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Tennis: Raonic ends century Wimbledon wait on Canada Day

Milos Raonic made it a golden Canada Day at Wimbledon, becoming the first man from his country in more than a century to reach the quarter-finals.

LONDON: Milos Raonic made it a golden Canada Day at Wimbledon on Tuesday, becoming the first man from his country in more than a century to reach the quarter-finals.

Raonic, the eighth seed, beat Japan's 10th-seeded Kei Nishikori 4-6, 6-1, 7-6 (7/4), 6-3 in the fourth round to set up a clash with Rafael Nadal's conqueror Nick Kyrgios on Wednesday for a place in the semi-finals.

The 19-year-old Australian wildcard, ranked 144 in the world, produced one of the greatest shocks at the All England Club in knocking out world number one Nadal on Tuesday.

Raonic became just the third Canadian player in history to reach the Wimbledon quarter-finals, after Eugenie Bouchard booked her place in the women's last eight.

The only other to do so, and the last man, was Robert Powell, who reached the quarter-finals in 1908, 1910 and 1912.

On Wednesday, Bouchard plays Angelique Kerber, who knocked out 2004 champion Maria Sharapova.

There were plenty of Canadian supporters on the 2,000-seater Court Three backing Raonic, some wearing maple leaf ice hockey tops, others carrying flags and some waving bunting.

The clash between 23-year-old Raonic and Nishikori, 24, was an encounter between two of the brightest prospects in the world top 15.

Raonic is on his career-high ranking of nine, while the Japanese is at 12, three places off his highest position.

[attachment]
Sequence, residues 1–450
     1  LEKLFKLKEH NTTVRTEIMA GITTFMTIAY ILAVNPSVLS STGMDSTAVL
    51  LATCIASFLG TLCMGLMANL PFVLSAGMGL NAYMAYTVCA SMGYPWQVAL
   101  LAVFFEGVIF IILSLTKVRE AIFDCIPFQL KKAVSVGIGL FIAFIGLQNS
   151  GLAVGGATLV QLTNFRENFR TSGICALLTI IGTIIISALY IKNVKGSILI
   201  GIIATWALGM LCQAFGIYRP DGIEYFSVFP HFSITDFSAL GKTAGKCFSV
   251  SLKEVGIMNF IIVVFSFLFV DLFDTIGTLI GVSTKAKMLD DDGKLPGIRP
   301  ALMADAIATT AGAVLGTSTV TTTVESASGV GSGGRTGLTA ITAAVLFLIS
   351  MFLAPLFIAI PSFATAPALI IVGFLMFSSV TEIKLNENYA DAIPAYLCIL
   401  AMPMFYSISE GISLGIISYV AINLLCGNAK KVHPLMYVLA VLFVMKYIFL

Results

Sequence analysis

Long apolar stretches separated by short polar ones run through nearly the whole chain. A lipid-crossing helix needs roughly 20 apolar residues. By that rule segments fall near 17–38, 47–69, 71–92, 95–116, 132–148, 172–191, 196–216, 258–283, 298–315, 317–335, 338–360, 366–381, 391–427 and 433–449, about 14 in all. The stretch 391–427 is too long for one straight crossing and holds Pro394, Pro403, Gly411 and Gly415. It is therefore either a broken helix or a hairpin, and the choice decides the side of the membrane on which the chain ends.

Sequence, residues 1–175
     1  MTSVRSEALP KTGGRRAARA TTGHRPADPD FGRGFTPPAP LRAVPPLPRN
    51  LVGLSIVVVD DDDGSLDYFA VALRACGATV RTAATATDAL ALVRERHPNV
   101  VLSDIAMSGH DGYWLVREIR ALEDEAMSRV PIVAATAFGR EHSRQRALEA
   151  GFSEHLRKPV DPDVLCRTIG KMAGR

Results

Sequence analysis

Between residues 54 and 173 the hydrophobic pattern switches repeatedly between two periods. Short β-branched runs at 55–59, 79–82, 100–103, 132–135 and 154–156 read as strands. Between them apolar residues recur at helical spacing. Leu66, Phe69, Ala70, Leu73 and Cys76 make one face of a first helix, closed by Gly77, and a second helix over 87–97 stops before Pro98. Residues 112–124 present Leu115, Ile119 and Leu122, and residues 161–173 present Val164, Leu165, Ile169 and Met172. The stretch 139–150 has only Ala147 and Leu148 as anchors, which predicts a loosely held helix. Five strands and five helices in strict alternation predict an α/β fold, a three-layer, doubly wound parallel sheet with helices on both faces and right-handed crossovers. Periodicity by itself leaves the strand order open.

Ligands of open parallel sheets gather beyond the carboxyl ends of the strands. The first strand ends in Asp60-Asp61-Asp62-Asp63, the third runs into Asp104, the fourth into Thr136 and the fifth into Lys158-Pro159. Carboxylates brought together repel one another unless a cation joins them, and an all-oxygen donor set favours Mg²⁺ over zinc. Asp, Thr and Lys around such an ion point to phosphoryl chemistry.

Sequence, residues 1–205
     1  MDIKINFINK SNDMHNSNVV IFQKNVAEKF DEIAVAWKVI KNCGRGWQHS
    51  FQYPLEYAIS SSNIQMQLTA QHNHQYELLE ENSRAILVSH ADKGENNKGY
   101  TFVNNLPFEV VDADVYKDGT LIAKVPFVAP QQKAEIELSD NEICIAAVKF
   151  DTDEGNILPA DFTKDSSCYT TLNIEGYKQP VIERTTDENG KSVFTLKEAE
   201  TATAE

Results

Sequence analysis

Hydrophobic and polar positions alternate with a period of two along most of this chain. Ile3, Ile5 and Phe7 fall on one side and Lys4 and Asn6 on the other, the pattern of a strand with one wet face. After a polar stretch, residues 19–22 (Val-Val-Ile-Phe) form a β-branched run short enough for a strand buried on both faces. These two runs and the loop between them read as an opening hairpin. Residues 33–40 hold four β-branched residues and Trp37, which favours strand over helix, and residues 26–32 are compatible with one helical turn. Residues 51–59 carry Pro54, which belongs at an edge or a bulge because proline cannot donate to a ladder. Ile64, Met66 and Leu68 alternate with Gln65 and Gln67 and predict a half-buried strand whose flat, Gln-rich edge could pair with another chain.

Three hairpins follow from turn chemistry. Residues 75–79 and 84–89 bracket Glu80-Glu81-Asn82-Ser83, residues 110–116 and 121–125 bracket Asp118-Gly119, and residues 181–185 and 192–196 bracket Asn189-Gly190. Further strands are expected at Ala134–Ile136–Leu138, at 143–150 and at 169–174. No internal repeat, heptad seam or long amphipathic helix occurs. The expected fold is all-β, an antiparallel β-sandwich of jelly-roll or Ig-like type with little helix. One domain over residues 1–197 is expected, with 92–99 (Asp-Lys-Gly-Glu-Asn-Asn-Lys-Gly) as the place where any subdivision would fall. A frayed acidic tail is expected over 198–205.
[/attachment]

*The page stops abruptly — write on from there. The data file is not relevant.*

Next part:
The match saw Raonic fire 35 aces in his victory, and his fastest legitimate serve clocked in at 141 miles (227 kilometres) per hour.

He also hit 66 winners was much more effective when volleying, winning 26 points to Nishikori's nine at the net.

Powell, the only other Canadian man to reach the Wimbledon quarter-finals, lived a remarkable life far removed from that of today's tennis professionals. He was killed age 36 serving in World War I.

Born in 1881, Powell was the private secretary to the lieutenant-governor of his native British Columbia, and arranged the visit of the prince and princess of Wales to the province in 1901.

He learnt tennis on his father's courts and reached the 1908 Wimbledon semi-finals. He captained the Canadian tennis team at the London Olympics that year.

Powell enlisted in the 48th Canadian infantry battalion, reaching the rank of lieutenant, and was killed in action in France during the Battle of Vimy Ridge in April 1917.

Raonic said his sights were set not just on going further at Wimbledon than Powell but on broader goals.

"It's ambitions that are beyond doing what no Canadian has done before. It's about really trying to become the best player in the world," he said.

Born in Montenegro's capital Podgorica, his parents emigrated from the former Yugoslavia to Canada when he was three years old. He paid tribute to the chances Canada gave his family.

"We had the opportunity to go from living in a tiny apartment with my grandmother there to help take care of mostly me and help with my brother and sister, to having a comfortable middle-class life in a nice suburb of Toronto," he said.

"Canada is a big part of that. Canada gave my parents the possibility to give us that possibility.

"I don't think there is that kind of personal freedom in many places around the world that you can find there, as long as you work for it."

Raonic said keeping up his booming serve would be the key to beating Kyrgios.

"I've been able to do that so far. It's what's going to put the pressure on my opponent. It's what's going to give me a bit of freedom on the return games," he said.

"After that, the most important thing is going to be the attitude, the mental approach.

"I feel like I'm ready."

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